Chris Bohjalian has called The Sandcastle Girls the most important book he will ever write, but it is not strictly didactic. Instead, The Sandcastle Girls is beautiful and sad; Bohjalian walks a fine line, sharing the realities of the tragedies of the Armenian genocide without being too clinical or engaging in emotional manipulation. His characters are realistic, flawed but likable. Particularly impressive is how he keeps even the most minor characters – the American consul, a pair of German engineers, an Armenian woman and the orphaned girl she has taken into her heart – engaging. Their stories are interspesed with Laura, Elizabeth, and Armen’s and Bohjalian manages to do this without slowing down the story. If anything, these additional stories add richness and layers toThe Sandcastle Girls, layers that help make it such a wonderfully epic and meaningful novel.

I’ve never read another work of fiction that has more completely and almost effortlessly captured the Armenian genocide of the early 2oth century. Bohjalian manages to capture both the emotional impact of the events in question as well as the facts and background, all smoothly within his narrative and without resorting to any info dumps. The Sandcastle Girlsis a truly wonderful and important novel. Very highly recommended.

Buy this book from:
Powells | Indiebound*

Source: Publisher.
* These links are all affiliate links. If you buy your book here I’ll make a very small amount of money that goes towards hosting, giveaways, etc.

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City of Scoundrels by Gary Krist- Book Review

City of Scoundrels: The 12 Days of Disaster That Gave Birth to Modern Chicago by Gary Krist
Published by Crown Books, an imprint of Random House

At the beginning of 1919, Chicago seemed like a city poised for a wonderful future. It was a time before the Great Depression and Prohibition, and after the end of the Great War, and the mayor had great plans to revolutionize and beautify the city, a feeling of optimism was only to be expected. For the first half of the year, it appeared that this optimism might not be misplaced, but over the summer everything changed.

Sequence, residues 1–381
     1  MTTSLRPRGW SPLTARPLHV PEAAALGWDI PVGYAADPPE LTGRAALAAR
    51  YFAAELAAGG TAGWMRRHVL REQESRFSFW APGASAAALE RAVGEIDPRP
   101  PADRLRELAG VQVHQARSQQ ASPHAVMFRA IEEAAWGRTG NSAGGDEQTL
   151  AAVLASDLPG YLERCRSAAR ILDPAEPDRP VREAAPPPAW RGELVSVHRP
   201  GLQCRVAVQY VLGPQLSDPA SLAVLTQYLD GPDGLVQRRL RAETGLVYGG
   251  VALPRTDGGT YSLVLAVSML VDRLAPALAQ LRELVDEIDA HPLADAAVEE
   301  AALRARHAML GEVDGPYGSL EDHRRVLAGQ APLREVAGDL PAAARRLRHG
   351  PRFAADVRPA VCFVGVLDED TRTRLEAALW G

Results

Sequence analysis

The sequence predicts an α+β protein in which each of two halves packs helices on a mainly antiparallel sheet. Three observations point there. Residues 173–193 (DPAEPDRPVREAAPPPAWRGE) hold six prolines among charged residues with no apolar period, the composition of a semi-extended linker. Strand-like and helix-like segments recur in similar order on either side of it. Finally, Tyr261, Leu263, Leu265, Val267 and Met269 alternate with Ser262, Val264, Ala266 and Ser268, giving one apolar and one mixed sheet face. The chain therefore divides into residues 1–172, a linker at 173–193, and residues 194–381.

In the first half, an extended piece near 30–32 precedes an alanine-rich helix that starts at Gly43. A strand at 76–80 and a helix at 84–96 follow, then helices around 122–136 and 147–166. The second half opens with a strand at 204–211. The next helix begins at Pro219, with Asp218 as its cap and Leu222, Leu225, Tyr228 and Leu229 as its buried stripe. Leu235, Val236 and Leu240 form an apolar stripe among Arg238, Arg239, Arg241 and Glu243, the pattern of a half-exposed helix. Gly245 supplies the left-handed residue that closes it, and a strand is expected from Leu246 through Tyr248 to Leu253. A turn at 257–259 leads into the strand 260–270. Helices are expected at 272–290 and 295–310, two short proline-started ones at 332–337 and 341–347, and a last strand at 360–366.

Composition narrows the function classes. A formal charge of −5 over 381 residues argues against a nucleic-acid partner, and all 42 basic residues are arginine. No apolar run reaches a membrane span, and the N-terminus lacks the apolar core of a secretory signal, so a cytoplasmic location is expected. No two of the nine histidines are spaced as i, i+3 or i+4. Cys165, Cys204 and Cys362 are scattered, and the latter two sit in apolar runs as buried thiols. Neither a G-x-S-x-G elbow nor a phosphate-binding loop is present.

It started on July 21, 1919. Along the lake shore, the Goodyear company was showing off their new blimp, The Wingfoot Express. The blimp made several runs throughout the day, the more influential people who saw it, the better the publicity for the company. Shortly before 5 pm, the blimp began its last run of the day, flying out over the Loop, the better to be seen. While they were over the city, however, the blimp caught fire, and the passengers and crew were forced to jump, hoping their parachutes would be enough to save them. It was not only those in the blimp who were injured or killed; the blimp also hit part of the Illinois Trust bank, causing an explosion and killing many who were there at work.

Devastating as this disaster was, there was worse to come for Chicago over the next two weeks, including a sensational child murder, a transit strike, and a deadly and divisive race riot, all exacerbated by politicians who failed to act as quickly or decisively as was needed.

In City of Scoundrels, Krist describes the genesis of these disasters, the ways they fed into one another, and the ways the influenced Chicago throughout the remainder of the 20th century. He writes with a style that is reminiscent of Erik Larson’s modern classic of Chicago history, The Devil in the White City. If anything, in fact, Krist’s book is more accessibly written and easier to read, despite the lack of a serial killer in his narrative. The events of that summer are laid out in a clear and engaging manner, given proper context without going into extraneous and distracting details.